There is, however, one hitch in all this: The novel does have great and positive potential, especially because it reaches the “middling talents,” but its emotional impact can also lead readers astray:

A writer for this very reason should not regard the scenes he is writing as if they could just be what he personally wanted to say. The difference between the deviant and the correct should definitely not be muddied, nor the representation of good and evil confused.[108]

Four “flaws” (bi 蔽) lurk here, for which famous Chinese examples are given:

If one pens only sentimental words about wind, flowers, snow, and moon, and writes only stories about boys and girls tenderly attached to each other, this will unavoidably come close to leading [readers] toward licentiousness. This is the first [potential] flaw [of a novel].[109]

The remaining three include seductive and exciting descriptions of swashbuckling outlaws (as in the Shuihu zhuan), which might entice readers to become robbers; descriptions of cunning and treachery in loving detail (as in Jin Ping Mei 金瓶梅 [The golden lotus][110]), which might prompt readers to become traitors; or filling a book with battle scenes and military stratagems (as in Sanguo yanyi), which might prompt readers toward “loving disturbances.” “As long as novels avoid these ‛four flaws',” the “preface” declares, “they should be widely disseminated.”[111] A Chinese reader would have easily identified the types of novels referred to here.

The novel is treated here as a global genre, and indeed—probably not unbeknownst to the author of the “preface”—similar criticisms had been made in English, French, and German essays since the beginning of the nineteenth century. The “preface” ends with a discussion of Night and Morning:

As to the famous scholar from the West who produced this work, he made sure that the wealthy will not be able to snatch a good reputation, and that the good will not have to fish for fame. The true gentleman's behavior is as he really is, while the fake gentleman's true nature will eventually be unmasked. This is what is called “casting tripods to provide illustrations of [dangerous] beasts [as done by Yu the Great in antiquity],” and what is called “illuminating the water's depths by putting light on a rhinoceros horn.”[112]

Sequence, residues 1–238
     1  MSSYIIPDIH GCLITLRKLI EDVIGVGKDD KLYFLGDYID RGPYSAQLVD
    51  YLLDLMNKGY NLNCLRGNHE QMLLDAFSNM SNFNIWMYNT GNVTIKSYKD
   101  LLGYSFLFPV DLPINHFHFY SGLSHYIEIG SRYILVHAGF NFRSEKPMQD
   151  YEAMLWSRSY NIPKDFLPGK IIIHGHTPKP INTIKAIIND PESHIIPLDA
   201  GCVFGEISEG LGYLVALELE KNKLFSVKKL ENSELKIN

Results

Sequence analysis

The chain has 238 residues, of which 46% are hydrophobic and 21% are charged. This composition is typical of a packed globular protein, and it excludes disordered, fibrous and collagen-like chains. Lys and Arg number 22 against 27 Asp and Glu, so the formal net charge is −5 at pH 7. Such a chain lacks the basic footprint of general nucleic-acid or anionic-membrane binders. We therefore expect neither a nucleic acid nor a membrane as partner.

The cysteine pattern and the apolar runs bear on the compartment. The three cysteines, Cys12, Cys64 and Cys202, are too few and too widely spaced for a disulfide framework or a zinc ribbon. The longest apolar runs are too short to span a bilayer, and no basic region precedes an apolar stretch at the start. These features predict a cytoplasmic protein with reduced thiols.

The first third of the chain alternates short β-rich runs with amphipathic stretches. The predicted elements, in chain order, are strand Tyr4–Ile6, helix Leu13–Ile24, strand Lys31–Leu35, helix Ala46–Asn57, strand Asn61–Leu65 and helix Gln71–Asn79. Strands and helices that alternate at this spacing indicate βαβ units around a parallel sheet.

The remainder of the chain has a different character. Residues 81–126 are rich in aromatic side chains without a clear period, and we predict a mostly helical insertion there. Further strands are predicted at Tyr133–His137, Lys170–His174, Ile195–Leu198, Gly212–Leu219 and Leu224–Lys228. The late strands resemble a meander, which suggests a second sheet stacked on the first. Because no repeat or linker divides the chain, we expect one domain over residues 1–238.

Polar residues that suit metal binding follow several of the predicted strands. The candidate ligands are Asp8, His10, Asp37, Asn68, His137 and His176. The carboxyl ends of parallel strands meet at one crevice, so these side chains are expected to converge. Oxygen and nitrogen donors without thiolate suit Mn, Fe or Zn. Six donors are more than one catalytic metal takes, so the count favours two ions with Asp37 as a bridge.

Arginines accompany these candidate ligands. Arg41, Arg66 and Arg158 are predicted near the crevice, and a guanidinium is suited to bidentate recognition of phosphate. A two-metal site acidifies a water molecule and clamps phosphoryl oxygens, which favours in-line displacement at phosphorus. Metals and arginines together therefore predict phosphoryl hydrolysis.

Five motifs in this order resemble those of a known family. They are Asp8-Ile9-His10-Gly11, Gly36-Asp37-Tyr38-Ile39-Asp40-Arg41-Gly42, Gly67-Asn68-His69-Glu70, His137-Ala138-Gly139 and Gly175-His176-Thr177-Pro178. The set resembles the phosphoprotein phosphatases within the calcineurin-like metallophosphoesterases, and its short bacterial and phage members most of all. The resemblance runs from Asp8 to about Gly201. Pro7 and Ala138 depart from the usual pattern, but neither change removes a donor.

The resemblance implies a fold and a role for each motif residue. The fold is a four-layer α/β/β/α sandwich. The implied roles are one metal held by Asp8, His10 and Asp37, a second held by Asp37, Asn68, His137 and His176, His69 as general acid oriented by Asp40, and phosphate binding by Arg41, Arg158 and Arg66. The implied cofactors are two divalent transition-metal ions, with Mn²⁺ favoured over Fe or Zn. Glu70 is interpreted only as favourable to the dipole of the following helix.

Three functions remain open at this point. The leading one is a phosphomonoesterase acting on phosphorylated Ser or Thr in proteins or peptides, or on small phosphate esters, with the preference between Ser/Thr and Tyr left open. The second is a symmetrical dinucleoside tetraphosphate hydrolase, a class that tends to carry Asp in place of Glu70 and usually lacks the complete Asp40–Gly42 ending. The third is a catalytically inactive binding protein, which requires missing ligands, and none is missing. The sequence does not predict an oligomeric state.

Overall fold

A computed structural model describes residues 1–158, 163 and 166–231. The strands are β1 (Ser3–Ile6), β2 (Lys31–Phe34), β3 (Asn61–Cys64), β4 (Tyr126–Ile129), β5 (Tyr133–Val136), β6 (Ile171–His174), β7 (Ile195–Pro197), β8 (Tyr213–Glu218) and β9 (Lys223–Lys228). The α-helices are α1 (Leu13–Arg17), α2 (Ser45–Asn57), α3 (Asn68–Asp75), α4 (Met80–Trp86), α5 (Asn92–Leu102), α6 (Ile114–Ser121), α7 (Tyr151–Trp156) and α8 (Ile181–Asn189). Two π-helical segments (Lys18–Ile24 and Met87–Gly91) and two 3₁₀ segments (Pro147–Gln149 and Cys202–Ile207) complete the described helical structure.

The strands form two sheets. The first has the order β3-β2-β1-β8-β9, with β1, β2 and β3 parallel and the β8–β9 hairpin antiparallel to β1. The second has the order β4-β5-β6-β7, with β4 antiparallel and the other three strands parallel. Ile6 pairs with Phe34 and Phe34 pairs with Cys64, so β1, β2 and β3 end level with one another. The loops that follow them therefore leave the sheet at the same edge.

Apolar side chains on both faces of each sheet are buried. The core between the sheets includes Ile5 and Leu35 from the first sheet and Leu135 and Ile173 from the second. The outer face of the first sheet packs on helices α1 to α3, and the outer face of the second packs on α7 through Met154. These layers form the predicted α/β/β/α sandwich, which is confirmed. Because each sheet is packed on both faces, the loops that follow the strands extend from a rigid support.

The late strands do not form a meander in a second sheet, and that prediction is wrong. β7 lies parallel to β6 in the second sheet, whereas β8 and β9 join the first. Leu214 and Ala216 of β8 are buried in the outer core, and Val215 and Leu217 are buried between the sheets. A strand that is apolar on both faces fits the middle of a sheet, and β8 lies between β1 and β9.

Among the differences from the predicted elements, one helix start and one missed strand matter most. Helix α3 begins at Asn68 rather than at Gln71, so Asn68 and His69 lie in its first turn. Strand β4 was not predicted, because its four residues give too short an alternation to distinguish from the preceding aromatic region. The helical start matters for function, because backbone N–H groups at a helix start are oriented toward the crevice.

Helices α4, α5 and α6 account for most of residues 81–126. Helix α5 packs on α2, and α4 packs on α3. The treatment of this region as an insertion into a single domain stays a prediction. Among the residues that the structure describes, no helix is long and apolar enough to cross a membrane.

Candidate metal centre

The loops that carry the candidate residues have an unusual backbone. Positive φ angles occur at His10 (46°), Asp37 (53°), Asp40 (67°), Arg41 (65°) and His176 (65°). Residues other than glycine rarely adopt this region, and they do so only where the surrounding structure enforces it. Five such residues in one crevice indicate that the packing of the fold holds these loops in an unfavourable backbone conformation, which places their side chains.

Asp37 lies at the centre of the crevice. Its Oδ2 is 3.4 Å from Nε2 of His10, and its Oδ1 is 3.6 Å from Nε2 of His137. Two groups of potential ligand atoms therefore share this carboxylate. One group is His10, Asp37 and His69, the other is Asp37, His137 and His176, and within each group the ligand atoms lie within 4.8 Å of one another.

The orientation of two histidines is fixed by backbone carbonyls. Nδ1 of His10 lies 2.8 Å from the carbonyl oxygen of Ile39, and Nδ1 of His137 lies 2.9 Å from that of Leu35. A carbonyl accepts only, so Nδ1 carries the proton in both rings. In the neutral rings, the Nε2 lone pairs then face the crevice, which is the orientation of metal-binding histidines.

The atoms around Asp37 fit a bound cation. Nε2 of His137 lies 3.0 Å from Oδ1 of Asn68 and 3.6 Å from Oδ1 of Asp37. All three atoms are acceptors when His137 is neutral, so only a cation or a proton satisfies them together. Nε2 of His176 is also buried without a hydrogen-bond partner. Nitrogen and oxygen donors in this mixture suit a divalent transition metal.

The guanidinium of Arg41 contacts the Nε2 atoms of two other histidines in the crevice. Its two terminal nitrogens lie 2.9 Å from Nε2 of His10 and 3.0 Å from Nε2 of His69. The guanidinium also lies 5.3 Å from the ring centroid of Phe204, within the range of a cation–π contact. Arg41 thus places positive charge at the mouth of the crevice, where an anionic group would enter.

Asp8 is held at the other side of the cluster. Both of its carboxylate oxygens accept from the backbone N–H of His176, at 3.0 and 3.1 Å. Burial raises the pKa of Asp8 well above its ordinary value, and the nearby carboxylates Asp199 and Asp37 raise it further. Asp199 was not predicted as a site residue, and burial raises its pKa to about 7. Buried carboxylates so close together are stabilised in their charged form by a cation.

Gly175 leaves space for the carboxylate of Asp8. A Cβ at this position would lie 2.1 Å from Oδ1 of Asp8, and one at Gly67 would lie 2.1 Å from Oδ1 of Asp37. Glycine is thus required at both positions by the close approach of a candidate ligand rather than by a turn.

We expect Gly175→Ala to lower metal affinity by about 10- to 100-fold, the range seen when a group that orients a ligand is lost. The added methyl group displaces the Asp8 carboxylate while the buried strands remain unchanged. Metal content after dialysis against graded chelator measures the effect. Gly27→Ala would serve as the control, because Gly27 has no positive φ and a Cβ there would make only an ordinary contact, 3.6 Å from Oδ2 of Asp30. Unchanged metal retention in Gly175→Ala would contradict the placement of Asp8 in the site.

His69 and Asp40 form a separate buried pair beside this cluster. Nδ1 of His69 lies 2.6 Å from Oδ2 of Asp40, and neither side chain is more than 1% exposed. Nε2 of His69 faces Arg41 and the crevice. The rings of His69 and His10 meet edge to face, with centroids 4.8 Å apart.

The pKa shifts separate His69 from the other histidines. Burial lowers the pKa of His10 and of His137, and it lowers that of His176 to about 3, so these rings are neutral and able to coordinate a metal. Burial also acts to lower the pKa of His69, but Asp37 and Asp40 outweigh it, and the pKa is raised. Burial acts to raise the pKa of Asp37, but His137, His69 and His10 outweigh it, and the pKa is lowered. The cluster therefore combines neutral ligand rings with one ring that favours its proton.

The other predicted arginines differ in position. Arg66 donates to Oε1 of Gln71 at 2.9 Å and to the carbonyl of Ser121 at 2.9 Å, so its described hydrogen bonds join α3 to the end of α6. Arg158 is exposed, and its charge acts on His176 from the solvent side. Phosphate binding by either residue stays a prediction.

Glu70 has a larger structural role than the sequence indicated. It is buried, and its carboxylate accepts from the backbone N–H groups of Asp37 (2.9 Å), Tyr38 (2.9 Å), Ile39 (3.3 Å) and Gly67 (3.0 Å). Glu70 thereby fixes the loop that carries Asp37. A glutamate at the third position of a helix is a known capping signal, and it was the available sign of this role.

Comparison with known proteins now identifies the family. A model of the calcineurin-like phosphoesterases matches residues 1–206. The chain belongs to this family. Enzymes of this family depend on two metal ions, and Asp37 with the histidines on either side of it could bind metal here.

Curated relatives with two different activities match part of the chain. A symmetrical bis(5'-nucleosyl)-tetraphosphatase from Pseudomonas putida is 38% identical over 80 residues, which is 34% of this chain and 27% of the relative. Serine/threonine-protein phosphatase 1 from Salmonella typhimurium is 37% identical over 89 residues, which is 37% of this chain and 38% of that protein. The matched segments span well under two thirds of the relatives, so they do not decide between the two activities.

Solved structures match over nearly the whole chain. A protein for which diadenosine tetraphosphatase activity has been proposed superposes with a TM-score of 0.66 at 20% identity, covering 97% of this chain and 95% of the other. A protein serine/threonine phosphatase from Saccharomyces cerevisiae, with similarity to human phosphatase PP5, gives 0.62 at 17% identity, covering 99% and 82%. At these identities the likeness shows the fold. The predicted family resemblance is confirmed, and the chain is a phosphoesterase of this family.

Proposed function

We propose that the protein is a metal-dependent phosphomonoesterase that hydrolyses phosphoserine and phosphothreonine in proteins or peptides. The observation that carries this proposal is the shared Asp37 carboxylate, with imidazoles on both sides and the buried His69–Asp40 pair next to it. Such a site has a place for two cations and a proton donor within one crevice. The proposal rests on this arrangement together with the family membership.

Most importantly, we note a shift in the social status and identity of authorship of the novel. Night and Morning is not written by an anonymous writer who would rather not sign his own name to the work, or by an author who while signing his name to the work is known to have repeatedly failed the imperial examination. Here we have a novel by a learned man from the West. Two points are made: first, that Westerners also write novels, and second, that the authors are respected men of letters, and in this case that the writer is even a “famous person in the West” (xiguo mingshi). From such a person a combination of learning and universally shared values may be reasonably expected, and the novel will provide a guided tour to the “customs and habits” of the people in what was the most successful and powerful nation at the time. The commentaries inserted into the translation highlighted modern features ranging from the postal system that also served as public transport to the ease and safety with which young women could travel. The underlying moral values that govern societies in the East and West are implicitly regarded by the author of the “preface” as being the same.

Accordingly, I have translated [this novel] section for section so as to make it into a xiaoshuo in Chinese. Entitled Xinxi xiantan (Idle talk mornings and nights), it will be serialized here [in this periodical]. It is certainly significant that this [novel] will broaden the information level of the Chinese lands, and provide details about the habits and customs of Europe. When you gentlemen are perusing this book, you should most certainly not equate it with a run-of-the-mill pinghua or a xiaoshuo of no benefit.[113]
因逐節翻譯之,成爲華字小説。書名昕夕閒談,陸續附刊。其所以廣中土者之見聞,所以記歐洲之風俗者,猶其淺焉者也? 諸君子之閱是書者,尚勿等諸尋常之平話、無益之小説也可。

In short, the author of a novel has a duty to impart the correct attitudes and values to the reader. Moreover, the novel is the optimal medium through which to inform the reader about foreign societies and England above all. It thus becomes the modern counterpart of the bronze tripod cast by Yu in antiquity in order to familiarize his people with the beneficial spirits and the dangerous monsters lurking “out there,” and with the rhinoceros horn that, once lit, has the magical ability to penetrate the dark flow of state, society, and individual through time in the search for strange and precious elements of lasting value.[114]

Little attention is paid to the artistic quality of Bulwer-Lytton's novel and the Chinese works beyond a few statements about their emotional appeal and rich content, but the literary comments attached to the first chapters of the translation of Night and Morning show great respect for the literary technique and refinement of the author.[115] In a comment on the first chapter, for example, the critic highlighted with great appreciation the foreshadowing technique used to introduce the book's key protagonist long before he actually appears. It is a technique he associates with the Jieziyuan huazhuan 芥子園畫傳 (Painting manual from the mustard seed garden),[116] which teaches about painting a moon by surrounding an untouched circle of the silk or paper with clouds. The Western novel, in other words, uses artistry as sophisticated as the most refined aspects of Chinese culture.